Holiday shopping is in full swing, and you might be drawing a blank for certain people on your list. It’s tough to find the perfect present, especially if they already have most things they want or need. Tap or click to browse our shopping guides to find the best present for anyone on your list.
Sometimes, a gift card is the best answer. Almost all stores offer this quick and convenient alternative to a physical gift, and your recipient can buy exactly what they want.
Before you dig into your wallet to buy gift cards, there are a few scams you need to be aware of. Read on to keep yourself safe from these clever tricks.
Here’s the backstory
Scammers are always on the lookout for opportunities, and as the holidays draw near, so too are instances of gift card scams. After all, we’re all in a rush to finish up shopping, and maybe we let our guard down a bit.
Online security company Malwarebytes says three scams usually pop up during this time of year. These scams are designed to steal your personal information and sensitive data. Here’s what to look for.
1. Fake gift cards
One of the most obvious signs of a scam is when a gift card is sold for much less than the face value. Several websites offer incredible discounts on cards, but these are almost certainly fake. After you place your order and pay, you probably won’t receive the gift card.
Pro tip: Only buy gift cards from reputable companies or the retailer directly. It is a foolproof way to make sure that the card is genuine and if something goes wrong, you can contact the company. Amazon is a great place to start, as the e-commerce giant stocks gift cards from a ton of different companies.
2. Gift card generators
There’s no such thing as a free lunch. This scam works by having you fill in several surveys, many of which require personal information. Once the surveys are complete, the website will prompt you to download and install software to “generate the codes” to receive a gift card. Malwarebytes points out that this is certainly malware, and some have been designed to infiltrate cryptocurrency wallets. Yikes.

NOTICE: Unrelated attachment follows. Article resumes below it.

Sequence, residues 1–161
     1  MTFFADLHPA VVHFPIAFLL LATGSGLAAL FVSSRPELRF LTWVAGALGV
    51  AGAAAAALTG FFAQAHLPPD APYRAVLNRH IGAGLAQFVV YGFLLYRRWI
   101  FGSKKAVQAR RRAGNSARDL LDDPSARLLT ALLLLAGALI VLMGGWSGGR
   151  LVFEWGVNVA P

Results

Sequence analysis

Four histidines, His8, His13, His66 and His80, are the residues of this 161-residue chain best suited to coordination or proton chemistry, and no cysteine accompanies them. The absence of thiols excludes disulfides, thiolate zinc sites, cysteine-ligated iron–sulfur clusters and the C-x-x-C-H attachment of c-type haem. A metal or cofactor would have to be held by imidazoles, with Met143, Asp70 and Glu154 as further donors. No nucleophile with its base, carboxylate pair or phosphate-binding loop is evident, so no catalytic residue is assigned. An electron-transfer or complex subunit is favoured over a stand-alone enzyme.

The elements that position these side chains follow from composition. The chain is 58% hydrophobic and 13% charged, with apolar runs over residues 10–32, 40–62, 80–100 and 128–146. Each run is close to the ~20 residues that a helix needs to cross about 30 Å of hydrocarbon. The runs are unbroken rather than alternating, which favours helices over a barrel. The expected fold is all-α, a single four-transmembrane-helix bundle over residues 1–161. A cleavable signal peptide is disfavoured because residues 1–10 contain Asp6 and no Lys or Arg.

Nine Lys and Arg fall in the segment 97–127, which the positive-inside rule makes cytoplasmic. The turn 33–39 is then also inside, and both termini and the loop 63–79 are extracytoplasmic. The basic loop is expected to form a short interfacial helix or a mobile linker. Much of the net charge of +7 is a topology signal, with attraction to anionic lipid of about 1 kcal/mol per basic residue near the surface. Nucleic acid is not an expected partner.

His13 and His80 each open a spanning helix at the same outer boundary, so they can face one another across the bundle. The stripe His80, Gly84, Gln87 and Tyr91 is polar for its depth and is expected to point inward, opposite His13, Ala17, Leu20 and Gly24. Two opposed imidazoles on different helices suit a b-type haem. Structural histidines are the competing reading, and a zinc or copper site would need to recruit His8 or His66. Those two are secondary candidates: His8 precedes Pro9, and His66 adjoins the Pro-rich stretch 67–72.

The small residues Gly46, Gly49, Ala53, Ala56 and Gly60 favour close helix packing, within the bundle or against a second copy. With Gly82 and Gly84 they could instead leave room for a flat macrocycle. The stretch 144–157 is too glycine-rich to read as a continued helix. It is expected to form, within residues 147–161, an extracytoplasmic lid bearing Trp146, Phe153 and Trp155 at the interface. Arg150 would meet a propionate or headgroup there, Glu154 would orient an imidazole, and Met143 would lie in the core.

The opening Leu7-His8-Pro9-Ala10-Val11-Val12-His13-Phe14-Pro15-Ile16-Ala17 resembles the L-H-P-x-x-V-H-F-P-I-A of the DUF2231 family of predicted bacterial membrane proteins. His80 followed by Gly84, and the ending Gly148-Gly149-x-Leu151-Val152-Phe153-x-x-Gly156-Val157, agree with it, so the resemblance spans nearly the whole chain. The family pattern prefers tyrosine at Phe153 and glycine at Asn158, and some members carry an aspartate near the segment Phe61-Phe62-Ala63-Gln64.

There is no such thing as a gift card generator. Sites that promote such a service are looking to scam you and should be avoided at all costs.
Pro tip: Don’t use gift card generators, as they are almost always fake or malicious. If you want to give cards for services like Xbox, Netflix, or Hulu, buy them from the company directly. There are some reliable places to earn rewards, too. Try one of these apps to score cash back or at least save some money.
3. Using gift cards as a payment method
While some scammers want to steal your money through fake gift cards, others want to steal your real gift cards. These scams are often linked to government impersonators or officials masquerading as law enforcement. You might get a phone call or an email with implausible demands of arrest or fines. To make the matter go away, they require payment in the form of gift cards.
Pro tip: No government agency or company will ask for payment via email or over the phone — and never with gift cards. This is always a scam, and you should never purchase gift cards to pay a government agency or anyone else who calls or emails you.
Don’t fall for this fake Amazon gift card offer
Think you know all the government impersonator scams? Watch for this scary twist